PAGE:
Industry & Trade
Petrojet eyes 2015 Revenues up to US$777 million
Published 2015-07-05 12:44:41| Mahmoud Shaaban
The Petroleum Projects & Technical Consultations Co- Petrojet is planning to boost its revenues to 6 billion Egyptian pounds (US$777 million) in 2015, Chairman Mohamed Shemy said Sunday.
- Petrojet eyes 2015 Revenues up to US$777 million
- Egypt raises Gas Price paid to Italy's Eni and Edison -EGAS Official
- Egypt's Debts to Foreign Oil Companies rise by 6.1%
- El-Wakeel wins Second Term as Egypt Commerce Chambers’ Federation
- German's Henkel to invest $39mln in Egypt
- INTERVIEW: ALCATEL ONETOUCH to open Rep Office in Cairo Soon - Merichko
- Egypt eyes Mercosur FTA Activation before 2015-end
- APR Energy inks Gas Turbine Power Plant Deal in Egypt
- PayPal to buy Digital Money Transfer provider Xoom
- China adopts New Security Law to make Networks, Systems 'Controllable'
Head of Middle East for ALCATEL ONETOUCH, Zied Merichko talks to Amwal Al Ghad Magazine to outline the plans and goals that the company holds in the Middle East region and Egypt. 1. Nowadays the Middle East is one of the most growing regions in the area of technology and mobility, what is the impact of such growth rate on your company? It’s a fantastic opportunity, and the Middle East is a key market for us. We’re also benefitting from global momentum, where ALCATEL ONETOUCH is currently the world’s 4th mobile brand based on analyst figures. We shipped 48.6 million units in 2014 alone worldwide, which is a YoY growth of 162 percent. And now, we’re seeing exciting yet sustainable growth in the Middle East. (Source: IDC) 2. What about ALCATEL ONETOUCH growth rate in the region? We’ve been in this region for over 15 years, and we’re proud to say that we’re growing steadily, and look forward to sustaining this growth for years. ALCATEL ONETOUCH is a recognized brand in the region, and consumers associate with the quality and design and great features. We’re targeting a demographic that demands performance, personalised design and premium features, but at the right price. We call these “smart buyers” – people who want the best value and premium features at the right price, and aren’t swayed by fashion statements. 3. What are the main markets you depend on for the upcoming period and what about the predictive revenues of Smart phones sales for 2015? For ALCATEL ONETOUCH, our strategies of growth, outreach, visibility and awareness have regional reach. All our markets are important. But certainly, we do have particularly strong ones, such as Egypt, where we will continue investing and focusing. 4. The Egyptian market is growing roughly in the smart phone area especially with the low prices of mobile data, the mobile operators announced. So, what are your plans for the Egyptian Market? The Egyptian market is very receptive to our PIXI range of products. The PIXI range is appealing, versatile, and attracts a wide range of customers looking for great features at a competitive price point. For instance, the newest member of the Alcatel PIXI 3 family is an entry-level 5.5” smartphone offering a fast and immersive streaming experience thanks to a powerful CPU and large display. At the same time, we also believe that our IDOL range of premium smartphones will do well in the Egyptian market. The IDOL 3, for instance, has been engineered as a class leader with superb components such as two front facing JBL speakers. A next gen sensor supports 13 megapixels of camera prowess for shots in the dark, indoors or for macro close-ups. It’s also fully reversible and can be held upside down. But again, the price point is very competitive. 5. Are you considering investing directly to have a representative office in Cairo? There are certainly plans to open in Cairo very soon. Egypt is an important market for ALCATEL ONETOUCH and we’ve very much looking to have a presence in its capital city. 6. What about your distributors? How many distributor you deal with? And are you considering increasing the numbers? Across the Middle East, ALCATEL ONETOUCH has created a robust network of channel partners with whom we work closely. We tailor strategies to ensure the end customer benefits from a great channel experience, from purchase to aftersales and technical support. Our aim is to build constructive partnerships and push for availability, visibility and awareness. We’re not in the business of just shipping out devices. It’s the entire experience that counts. In Egypt, we’ve built a robust long-term relationship with Rezkalla, and we’ve gone a long way together since many years and we value that. 7. How about your market share regionally and in the Egyptian market specifically? ALCATEL ONETOUCH’s regional market share is around 4 to 5 percent but with steady growth. Egypt has been a particularly receptive market, and there our market share is 8 percent. 8. How do you provide the after sale and technical support services in Egypt? Our distributor Rizkalla is also our technical support partner in Egypt. We work closely together to ensure that the entire experience of owning an ALCATEL ONETOUCH device, and getting aftersales support, is a great experience for our Egyptian customers.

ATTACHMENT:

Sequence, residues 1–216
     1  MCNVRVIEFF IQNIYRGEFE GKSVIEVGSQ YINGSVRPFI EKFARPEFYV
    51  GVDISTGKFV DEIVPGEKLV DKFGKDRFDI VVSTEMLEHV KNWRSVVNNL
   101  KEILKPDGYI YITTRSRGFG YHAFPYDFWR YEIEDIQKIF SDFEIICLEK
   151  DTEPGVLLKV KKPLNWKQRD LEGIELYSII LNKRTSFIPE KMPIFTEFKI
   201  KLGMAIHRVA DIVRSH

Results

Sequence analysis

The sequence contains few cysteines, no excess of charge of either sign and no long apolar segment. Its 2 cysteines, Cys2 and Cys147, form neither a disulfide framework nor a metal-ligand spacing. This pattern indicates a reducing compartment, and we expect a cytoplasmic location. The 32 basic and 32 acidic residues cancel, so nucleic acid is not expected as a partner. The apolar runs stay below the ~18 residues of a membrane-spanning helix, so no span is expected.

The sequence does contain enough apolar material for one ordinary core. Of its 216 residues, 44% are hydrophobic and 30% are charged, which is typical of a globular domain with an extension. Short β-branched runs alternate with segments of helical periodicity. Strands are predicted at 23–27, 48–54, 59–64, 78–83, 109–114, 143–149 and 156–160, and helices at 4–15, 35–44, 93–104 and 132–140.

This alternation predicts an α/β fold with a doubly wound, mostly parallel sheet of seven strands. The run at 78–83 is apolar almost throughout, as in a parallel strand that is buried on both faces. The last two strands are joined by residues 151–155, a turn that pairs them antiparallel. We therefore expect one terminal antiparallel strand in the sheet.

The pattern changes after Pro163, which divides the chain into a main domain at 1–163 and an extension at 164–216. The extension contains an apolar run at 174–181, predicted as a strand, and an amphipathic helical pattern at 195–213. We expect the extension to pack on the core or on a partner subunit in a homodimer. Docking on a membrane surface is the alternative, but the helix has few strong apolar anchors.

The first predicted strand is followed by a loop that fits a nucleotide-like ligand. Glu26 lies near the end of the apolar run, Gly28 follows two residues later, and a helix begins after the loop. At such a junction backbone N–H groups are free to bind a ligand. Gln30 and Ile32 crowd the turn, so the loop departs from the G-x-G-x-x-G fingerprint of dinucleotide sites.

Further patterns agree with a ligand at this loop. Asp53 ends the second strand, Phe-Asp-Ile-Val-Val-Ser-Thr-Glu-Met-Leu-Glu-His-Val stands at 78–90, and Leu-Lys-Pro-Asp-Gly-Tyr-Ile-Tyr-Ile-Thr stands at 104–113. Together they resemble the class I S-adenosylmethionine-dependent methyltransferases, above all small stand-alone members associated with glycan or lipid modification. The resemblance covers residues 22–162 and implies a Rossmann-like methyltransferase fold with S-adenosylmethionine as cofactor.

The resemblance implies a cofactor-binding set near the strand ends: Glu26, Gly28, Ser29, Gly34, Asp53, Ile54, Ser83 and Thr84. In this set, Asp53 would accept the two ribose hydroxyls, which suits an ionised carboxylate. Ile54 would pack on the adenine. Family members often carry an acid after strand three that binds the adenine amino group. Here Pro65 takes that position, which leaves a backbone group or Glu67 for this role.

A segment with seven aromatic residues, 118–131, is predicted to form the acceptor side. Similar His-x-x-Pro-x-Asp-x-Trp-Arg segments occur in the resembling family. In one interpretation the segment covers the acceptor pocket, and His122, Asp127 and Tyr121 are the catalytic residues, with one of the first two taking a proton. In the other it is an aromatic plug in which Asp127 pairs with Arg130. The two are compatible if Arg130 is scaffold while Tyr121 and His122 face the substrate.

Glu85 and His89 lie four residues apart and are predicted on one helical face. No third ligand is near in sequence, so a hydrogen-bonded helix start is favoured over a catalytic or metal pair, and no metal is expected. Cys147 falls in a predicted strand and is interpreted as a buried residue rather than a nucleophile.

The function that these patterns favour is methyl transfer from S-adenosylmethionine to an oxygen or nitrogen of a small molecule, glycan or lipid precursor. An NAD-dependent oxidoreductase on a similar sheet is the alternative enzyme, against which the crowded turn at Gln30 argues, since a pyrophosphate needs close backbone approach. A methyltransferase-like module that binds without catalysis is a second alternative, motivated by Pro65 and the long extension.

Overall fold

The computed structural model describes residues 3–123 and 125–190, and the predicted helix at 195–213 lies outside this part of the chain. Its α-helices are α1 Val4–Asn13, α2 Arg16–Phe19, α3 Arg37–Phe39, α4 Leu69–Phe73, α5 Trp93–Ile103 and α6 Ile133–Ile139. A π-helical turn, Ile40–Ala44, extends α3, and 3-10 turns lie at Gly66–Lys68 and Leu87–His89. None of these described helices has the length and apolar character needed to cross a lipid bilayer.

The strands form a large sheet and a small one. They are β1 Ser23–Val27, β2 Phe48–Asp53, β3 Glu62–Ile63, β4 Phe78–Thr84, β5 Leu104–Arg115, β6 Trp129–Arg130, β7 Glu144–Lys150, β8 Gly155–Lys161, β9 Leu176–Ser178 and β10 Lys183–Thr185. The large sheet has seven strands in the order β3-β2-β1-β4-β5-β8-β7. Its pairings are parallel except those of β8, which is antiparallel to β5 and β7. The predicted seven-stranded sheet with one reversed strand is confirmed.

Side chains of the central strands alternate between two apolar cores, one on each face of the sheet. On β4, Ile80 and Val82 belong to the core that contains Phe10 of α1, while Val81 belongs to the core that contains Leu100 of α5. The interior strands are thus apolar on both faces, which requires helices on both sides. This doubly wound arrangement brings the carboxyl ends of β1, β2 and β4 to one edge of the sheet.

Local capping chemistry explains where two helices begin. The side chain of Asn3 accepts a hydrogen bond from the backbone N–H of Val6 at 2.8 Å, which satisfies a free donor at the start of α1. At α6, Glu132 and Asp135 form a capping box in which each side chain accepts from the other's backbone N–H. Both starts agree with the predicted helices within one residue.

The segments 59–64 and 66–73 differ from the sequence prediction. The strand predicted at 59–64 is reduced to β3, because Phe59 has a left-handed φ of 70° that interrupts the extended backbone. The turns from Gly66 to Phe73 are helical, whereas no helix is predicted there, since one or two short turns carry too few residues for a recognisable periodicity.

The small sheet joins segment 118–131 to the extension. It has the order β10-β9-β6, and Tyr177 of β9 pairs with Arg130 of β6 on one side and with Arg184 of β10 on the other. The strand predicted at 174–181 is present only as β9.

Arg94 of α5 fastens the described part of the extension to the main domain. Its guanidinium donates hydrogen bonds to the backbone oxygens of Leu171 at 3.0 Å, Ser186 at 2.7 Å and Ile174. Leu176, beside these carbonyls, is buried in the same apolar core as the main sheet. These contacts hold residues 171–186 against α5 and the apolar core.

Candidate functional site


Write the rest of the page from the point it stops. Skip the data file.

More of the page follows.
China's legislature adopted a sweeping national security law Wednesday that covers everything from territorial sovereignty to measures to tighten cyber security, a move likely to rile foreign businesses. A core component of the law, passed by the standing committee of the National People's Congress (NPC), is to make all key network infrastructure and information systems "secure and controllable". President Xi Jinping has said China's security covers areas including politics, culture, the military, the economy, technology and the environment. But foreign business groups and diplomats have argued that the law is vague and fear it could require that technology firms make products in China or use source code released to inspectors, forcing them to expose intellectual property. Zheng Shuna, vice chairwoman of the Legislative Affairs Commission of the NPC standing committee, downplayed those concerns, saying China welcomes "all countries' businesses to operate in China and provide legitimate services according to law". "We will continue to follow the path of peaceful development but we absolutely will not give up our legitimate rights and absolutely will not sacrifice the country's core interests," she said at a briefing. The security of territorial seas and airspace is among those core interests, which, according to the legislation, China will take "all necessary measures" to safeguard. The law, which comes amid tensions with neighbors over disputes in the South China and East China Seas, passed through the NPC standing committee, the top body of China's rubber stamp parliament, by a vote of 154 to zero, with one abstention. 'GROWING INFLUENCE OF HARDLINERS' The national security law is part of a raft of government legislation - including laws on anti-terrorism, cyber security and foreign non-government organizations - that have drawn criticism from foreign governments, business and civil society groups. Those policies, many of which have cyber security components, have emerged after former National Security Agency contractor Edward Snowden disclosed that U.S. spy agencies planted code in American tech exports to snoop on overseas targets. "The fact that these different pieces of legislation are all moving forward in tandem indicates the seriousness of Beijing's commitment as well as the growing influence of hardliners shaping China's technology policy agenda," Samm Sacks, an analyst at U.S.-based consulting firm Eurasia Group, said in an emailed statement. Critics have argued that the extensive nature of the law, which covers everything from China's deep sea and space assets to "harmful cultural influences", constitutes national security overreach. Its passage also coincides with a crackdown on dissent, as the government has detained and jailed activists and blamed "foreign forces" for the pro-democracy protests in Hong Kong last year. Hong Kong and Macau must "fulfill responsibilities to safeguard national security" according to the law, which also covers crimes of subversion and inciting rebellion. That reference could spark more fears of Beijing encroaching on Hong Kong's rule of law. Britain returned Hong Kong to China in 1997 under a "one country, two systems" formula, with the promise of a high degree of autonomy. Unlike on the mainland, Hong Kong does not have laws criminalizing subversion of the state. Macau, a former Portuguese colony, returned to China in 1999. Some seven months after Hong Kong police forcibly cleared pro-democracy protesters from the streets, tens of thousands of people were expected to rally for free elections on Wednesday as the city marks the 18th anniversary of its return to China.